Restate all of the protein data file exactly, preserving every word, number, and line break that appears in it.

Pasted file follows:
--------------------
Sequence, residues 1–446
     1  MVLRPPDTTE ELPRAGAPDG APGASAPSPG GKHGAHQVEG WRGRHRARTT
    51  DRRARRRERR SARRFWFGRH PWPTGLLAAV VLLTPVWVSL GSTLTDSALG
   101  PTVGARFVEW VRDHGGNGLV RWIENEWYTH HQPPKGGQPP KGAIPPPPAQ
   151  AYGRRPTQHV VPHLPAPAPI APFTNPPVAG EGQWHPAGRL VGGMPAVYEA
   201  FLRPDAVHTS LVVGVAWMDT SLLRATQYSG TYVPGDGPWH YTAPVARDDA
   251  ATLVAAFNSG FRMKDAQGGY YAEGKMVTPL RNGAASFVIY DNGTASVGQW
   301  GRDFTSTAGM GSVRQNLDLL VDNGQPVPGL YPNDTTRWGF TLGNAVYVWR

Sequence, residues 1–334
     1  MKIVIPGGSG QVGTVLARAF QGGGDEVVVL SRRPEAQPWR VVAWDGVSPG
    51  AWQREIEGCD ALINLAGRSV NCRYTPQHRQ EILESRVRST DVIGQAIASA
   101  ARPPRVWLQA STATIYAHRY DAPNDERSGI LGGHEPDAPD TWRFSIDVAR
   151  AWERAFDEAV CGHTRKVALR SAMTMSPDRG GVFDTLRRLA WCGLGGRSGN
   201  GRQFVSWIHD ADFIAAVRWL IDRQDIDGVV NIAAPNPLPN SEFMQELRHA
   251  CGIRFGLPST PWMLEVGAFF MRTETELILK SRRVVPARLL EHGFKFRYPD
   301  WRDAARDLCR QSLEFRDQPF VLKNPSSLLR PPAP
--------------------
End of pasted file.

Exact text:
Sequence, residues 1–446
     1  MVLRPPDTTE ELPRAGAPDG APGASAPSPG GKHGAHQVEG WRGRHRARTT
    51  DRRARRRERR SARRFWFGRH PWPTGLLAAV VLLTPVWVSL GSTLTDSALG
   101  PTVGARFVEW VRDHGGNGLV RWIENEWYTH HQPPKGGQPP KGAIPPPPAQ
   151  AYGRRPTQHV VPHLPAPAPI APFTNPPVAG EGQWHPAGRL VGGMPAVYEA
   201  FLRPDAVHTS LVVGVAWMDT SLLRATQYSG TYVPGDGPWH YTAPVARDDA
   251  ATLVAAFNSG FRMKDAQGGY YAEGKMVTPL RNGAASFVIY DNGTASVGQW
   301  GRDFTSTAGM GSVRQNLDLL VDNGQPVPGL YPNDTTRWGF TLGNAVYVWR

Sequence, residues 1–334
     1  MKIVIPGGSG QVGTVLARAF QGGGDEVVVL SRRPEAQPWR VVAWDGVSPG
    51  AWQREIEGCD ALINLAGRSV NCRYTPQHRQ EILESRVRST DVIGQAIASA
   101  ARPPRVWLQA STATIYAHRY DAPNDERSGI LGGHEPDAPD TWRFSIDVAR
   151  AWERAFDEAV CGHTRKVALR SAMTMSPDRG GVFDTLRRLA WCGLGGRSGN
   201  GRQFVSWIHD ADFIAAVRWL IDRQDIDGVV NIAAPNPLPN SEFMQELRHA
   251  CGIRFGLPST PWMLEVGAFF MRTETELILK SRRVVPARLL EHGFKFRYPD
   301  WRDAARDLCR QSLEFRDQPF VLKNPSSLLR PPAP